Dick Harper: Jim Carrey
Jane Harper: Tea Leoni
Jack McCallister: Alec Baldwin
Frank Bascom: Richard Jenkins
Columbia Pictures presents a film directed by Dean Parisot. Written by Judd Apatow, Nicholas Stoller and Peter Tolan. Running time: 90 min. Rated PG-13 (for brief language, some sexual humor and occasional humorous drug references).
My wife is often a good barometer as to how successful a film is, especially in the situational comedy genre where my own particular brand of movie snobbishness might not lend myself to be the best judge. She has a couple of key phrases that I look for but require interpretation for those not aware of her inability to say anything negative about work that other people have put their time into. “It was O.K,” means they failed miserably. “That was fun,” means she really liked it. And “That was cute,” means they put in a really good effort and she wanted to like it, but in the end something was missing. Fun with Dick and Jane falls into the latter category of her rating system.
Fun with Dick and Jane, a remake of the 1977 comedy starring Jane Fonda and George Segal, stars Jim Carrey (Limony Snicket’s A Series of Unfortunate Events) and Tea Leoni (Spanglish) as Dick and Jane Harper, a couple which turns to petty crime to keep up with the Joneses when their careers take a nose dive. With Carrey grabbing two paychecks as the star and one of the film’s producers, much of the movie acts merely as a stage on which Carrey is given free reign to practice his own flavor of physically comedic antics. Not that this is always a bad thing, but there are a number of situations for which no explanation of the plot is necessary that seem created solely for the purpose of letting Carrey do his shtick. There is the lip-synced song and dance in the elevator, the imitation of a marionette puppet, the voice altering microphones (which he uses to improvise a performance of the Styx song “Mr. Roboto”), and the electro-shock dog collar gag that was done much better in a beer commercial from a few years back.
The film alternates between these uninspired comedic setups and some great ideas. The writing team stumbles upon a stroke of genius when their update of the material places Dick in the surprise position of spin doctor for an Enron-type Fortune 500 company just as their stock falls to pennies per share. They utilize this set up well in placing the stars in a position of desperation and to shore things up for the film’s climax, but the in-between period doesn’t provide enough about the breadth of victims these corporate raiders leave in their wake nor do they make any connection of the corporation style of crimes and the petty crime to which Dick and Jane find themselves stooping. With Jane pulling her weight at the beginning of the film as a travel agent, my wife also found the jokes about dealing with travel clients to be quite humorous and not quite as exaggerated as many might assume.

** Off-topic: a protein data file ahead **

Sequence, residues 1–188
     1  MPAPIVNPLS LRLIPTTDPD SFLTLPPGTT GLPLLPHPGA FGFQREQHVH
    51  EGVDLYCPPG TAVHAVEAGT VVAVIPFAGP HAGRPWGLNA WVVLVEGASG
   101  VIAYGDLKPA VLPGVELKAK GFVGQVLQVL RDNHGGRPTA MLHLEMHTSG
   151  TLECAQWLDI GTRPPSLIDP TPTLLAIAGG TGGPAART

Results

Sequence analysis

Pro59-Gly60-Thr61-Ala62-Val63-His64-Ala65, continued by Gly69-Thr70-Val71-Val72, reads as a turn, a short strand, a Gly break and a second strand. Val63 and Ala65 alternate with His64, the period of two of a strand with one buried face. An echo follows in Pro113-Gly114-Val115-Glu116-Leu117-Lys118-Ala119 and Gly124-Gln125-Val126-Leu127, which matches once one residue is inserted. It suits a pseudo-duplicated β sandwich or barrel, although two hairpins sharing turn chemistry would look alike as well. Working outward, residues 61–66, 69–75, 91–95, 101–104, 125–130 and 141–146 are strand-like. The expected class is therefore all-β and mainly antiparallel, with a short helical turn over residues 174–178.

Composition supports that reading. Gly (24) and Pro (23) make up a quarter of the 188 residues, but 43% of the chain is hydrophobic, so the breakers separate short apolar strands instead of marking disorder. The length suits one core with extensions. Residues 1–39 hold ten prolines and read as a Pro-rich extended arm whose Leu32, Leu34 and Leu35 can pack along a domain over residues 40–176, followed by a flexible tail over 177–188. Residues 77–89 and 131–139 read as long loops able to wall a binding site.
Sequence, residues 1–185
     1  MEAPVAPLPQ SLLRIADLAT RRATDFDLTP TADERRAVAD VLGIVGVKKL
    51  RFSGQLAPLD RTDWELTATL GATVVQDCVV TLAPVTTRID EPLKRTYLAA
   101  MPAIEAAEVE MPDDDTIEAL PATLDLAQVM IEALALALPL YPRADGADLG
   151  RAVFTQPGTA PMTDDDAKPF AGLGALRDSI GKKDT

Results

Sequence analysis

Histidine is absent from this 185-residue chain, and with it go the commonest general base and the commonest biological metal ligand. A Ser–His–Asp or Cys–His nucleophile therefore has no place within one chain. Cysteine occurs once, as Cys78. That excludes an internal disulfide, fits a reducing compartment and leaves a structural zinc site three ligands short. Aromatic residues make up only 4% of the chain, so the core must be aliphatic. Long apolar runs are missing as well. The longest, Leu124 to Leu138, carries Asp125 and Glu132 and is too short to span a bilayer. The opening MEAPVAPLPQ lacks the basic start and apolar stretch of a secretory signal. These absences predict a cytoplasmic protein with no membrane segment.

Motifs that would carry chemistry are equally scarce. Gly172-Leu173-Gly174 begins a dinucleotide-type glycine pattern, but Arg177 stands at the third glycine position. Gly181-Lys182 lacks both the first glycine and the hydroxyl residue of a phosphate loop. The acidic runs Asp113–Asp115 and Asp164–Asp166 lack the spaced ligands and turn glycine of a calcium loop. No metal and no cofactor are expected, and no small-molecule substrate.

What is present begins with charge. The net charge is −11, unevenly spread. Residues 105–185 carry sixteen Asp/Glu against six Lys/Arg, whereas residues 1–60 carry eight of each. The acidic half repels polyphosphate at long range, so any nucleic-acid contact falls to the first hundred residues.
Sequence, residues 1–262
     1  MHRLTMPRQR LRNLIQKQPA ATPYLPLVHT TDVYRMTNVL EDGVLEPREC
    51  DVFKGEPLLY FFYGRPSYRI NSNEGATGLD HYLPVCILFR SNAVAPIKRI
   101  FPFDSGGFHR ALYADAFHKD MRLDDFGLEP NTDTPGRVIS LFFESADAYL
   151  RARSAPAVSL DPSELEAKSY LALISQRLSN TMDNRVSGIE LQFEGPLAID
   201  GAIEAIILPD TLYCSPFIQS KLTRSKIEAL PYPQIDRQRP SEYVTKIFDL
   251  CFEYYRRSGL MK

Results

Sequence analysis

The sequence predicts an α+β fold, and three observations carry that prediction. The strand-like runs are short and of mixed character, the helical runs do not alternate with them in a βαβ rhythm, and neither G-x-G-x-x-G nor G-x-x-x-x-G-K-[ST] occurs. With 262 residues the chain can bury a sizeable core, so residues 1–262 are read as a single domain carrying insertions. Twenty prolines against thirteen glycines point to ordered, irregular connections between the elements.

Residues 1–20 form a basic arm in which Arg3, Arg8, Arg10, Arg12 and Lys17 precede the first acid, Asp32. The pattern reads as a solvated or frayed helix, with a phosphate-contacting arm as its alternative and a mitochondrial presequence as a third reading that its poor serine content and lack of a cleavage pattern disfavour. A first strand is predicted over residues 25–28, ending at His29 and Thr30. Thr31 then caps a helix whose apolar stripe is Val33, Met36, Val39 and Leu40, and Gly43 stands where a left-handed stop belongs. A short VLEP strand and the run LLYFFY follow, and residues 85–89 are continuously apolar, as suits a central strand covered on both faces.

Alec Baldwin (The Aviator)’s own skill as a comedic heavy is utilized as Jack McCallister, the CEO of the company who sets Dick up as the fall guy along with company CFO Frank Bascom (Richard Jenkins, North Country). Eventually, Dick and Jane and Frank hatch a scheme to get the $400 million Jack squirreled away from the employees of his company. The movie could have sustained itself under this plot and the other crimes perpetrated by Dick and Jane getting to this point, but director Dean Parisot (Galaxy Quest) and the other filmmakers are not interested in having Dick and Jane’s antics supported by plot so much as they are interested in putting them in awkward situations such as their attempts to make lower entries into the job market with Dick botching a job as a greeter at Costco and Jane trying to teach a martial arts class of a discipline she can’t even pronounce let alone know anything about. There is also an unnecessary extended sequence where Dick is mistaken for an illegal immigrant and must sneak his way back across the U.S./Mexico boarder after being deported.
Promotional materials have stated that the only sequence retained from the ‘77 Fun with Dick and Jane, unseen by me, is a sequence involving the repossession of their lawn. Dick proceeds to make a patchwork lawn out of pieces he steals from his neighbors’ lawns and a golf course. That patchwork lawn works well as a metaphor for the movie itself. Those lawn pieces are a funny bit; but they never really connect with each other, and if you aren’t careful to only look at those pieces of grass you are likely to see the bare earth that lies beneath them. I want to say I liked this movie because I laughed and enjoyed watching two gifted comedic actors spend an hour and a half making fools of one another, but the patchwork material they are working with just doesn’t hold together in the end. The saddest part is that the biggest laugh came in the form of the scrolling credits at the end of the film where the filmmakers thanked Ken Lay of Enron and CEO’s from many other corporations that recently when defunct through scandal, such as World Com and Tyco. Even sadder is that my wife and I were the only two during that teen dominated Friday night audience that even had the slightest clue that it was a joke.